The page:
Etymology and hitting the fan

My dad did not use “those” words, as a rule, and so it was with some embarrassment that he told the joke.

I had purchased a 45 rpm record at a 10% cut-out sale called “When It Hit the Fan” (because I liked the label, I think – I was a kid) and I didn’t understand the context. So he told me the joke.

A man takes a room on the second floor of a rowdy saloon, and during the night he had an urge for going but didn’t want to walk downstairs through the crowded bar to the outhouse. He saw a hole in the floor and thought, “Ah! I’ll use this handy portal.”

Not long afterward he noticed it had become very quiet downstairs. Curious, he went down and the place had cleared out. “What happened?” he said, and the bartender poked his head up from behind the bar with a harried look on his face.

“Where were you,” he asked, “when the $#!+ hit the fan?”

I realized this morning my dad had passed along a valuable piece of history, the origin of a common vulgar phrase, and so I pass it forward to you to preserve this important knowledge.

Waking more than usual

TEN HOURS of sleep in the last 24, including 8.5 hours straight before waking at 5 a.m. Who is this stiff and aching guy plopped in the blue chair waiting for coffee? Wait, I need caffeine? Really?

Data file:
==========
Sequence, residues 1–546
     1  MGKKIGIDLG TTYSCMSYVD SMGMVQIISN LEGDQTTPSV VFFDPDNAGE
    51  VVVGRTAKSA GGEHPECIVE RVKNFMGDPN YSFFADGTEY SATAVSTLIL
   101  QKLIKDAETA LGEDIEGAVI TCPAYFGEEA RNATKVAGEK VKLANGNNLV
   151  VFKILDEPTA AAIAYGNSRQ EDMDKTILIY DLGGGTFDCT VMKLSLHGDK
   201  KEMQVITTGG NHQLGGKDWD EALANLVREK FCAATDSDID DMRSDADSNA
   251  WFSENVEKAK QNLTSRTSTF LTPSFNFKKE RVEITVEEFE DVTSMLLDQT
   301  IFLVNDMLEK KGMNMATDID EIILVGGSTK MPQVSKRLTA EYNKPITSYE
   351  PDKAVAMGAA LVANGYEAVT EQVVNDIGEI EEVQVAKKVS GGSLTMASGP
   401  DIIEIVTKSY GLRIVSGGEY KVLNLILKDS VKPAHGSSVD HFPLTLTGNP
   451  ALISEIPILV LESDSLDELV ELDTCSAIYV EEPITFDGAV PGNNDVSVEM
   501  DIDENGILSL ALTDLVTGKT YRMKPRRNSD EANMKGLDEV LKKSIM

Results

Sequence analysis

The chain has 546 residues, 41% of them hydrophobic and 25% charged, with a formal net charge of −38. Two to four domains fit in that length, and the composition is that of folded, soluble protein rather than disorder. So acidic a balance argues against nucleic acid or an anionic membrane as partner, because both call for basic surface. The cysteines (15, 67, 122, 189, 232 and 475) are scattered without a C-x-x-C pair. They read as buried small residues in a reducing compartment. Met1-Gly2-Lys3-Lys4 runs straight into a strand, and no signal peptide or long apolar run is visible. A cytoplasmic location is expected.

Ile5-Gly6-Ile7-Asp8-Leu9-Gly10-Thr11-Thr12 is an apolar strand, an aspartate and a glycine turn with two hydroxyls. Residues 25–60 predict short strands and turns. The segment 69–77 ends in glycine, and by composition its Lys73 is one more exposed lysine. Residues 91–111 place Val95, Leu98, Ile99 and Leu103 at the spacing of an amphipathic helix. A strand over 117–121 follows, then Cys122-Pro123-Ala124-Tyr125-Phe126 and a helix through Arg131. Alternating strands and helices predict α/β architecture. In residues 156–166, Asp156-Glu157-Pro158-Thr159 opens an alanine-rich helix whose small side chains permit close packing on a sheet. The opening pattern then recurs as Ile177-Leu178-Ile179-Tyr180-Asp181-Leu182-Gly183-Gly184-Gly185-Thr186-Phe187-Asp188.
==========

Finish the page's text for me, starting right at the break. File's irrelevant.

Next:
So: Poisons are cleared from my brain, and what am I thinking? What should I do with a clear brain? “Clear away the clutter in this room!” Come on, that’s what I think normally. So, not much different, just clearer?

… (I write some thoughts to myself about books and audiobooks, and I write a poem. You saw the poem yesterday if you were here.) …

It takes a few minutes for the coffee to brew, and then, in a last flurry of gurgling, the pot is full of hot, dark brown water. Just a minute, I’ll be right back.


There. I haven’t even had a sip yet, but the world seems better already.


I am. I think that’s the biggest difference after a full night of sleep: I have a greater consciousness of being here. The fog has lifted more than usual, and certainly more than it had yesterday afternoon, when I drove home feeling drowsy and surrendered to the bed shortly after I came home, let the dog out and in, and took off my shoes. That accounts for the other 90 minutes of the above-mentioned 10 hours.

Resolved: Maybe I need to go to bed by 9 every night.


“Resolved: Maybe”? Do you hear yourself?

You are resolved or you are not. There is no maybe.

Page 70

I’m scribbling on Page 55 of the current journal, and I just took a minute to number the upcoming pages through 70, even though under normal circumstances it may take a week or so before I need Page 70.

I wonder what I’ll be thinking when I get to Page 70? I wonder what I’ll write? Of course, the future person who finds this journal can just turn there now and see, and in a couple of weeks I’ll be able to page back and see what it was that I wrote when I got there — but for today, it’s the future.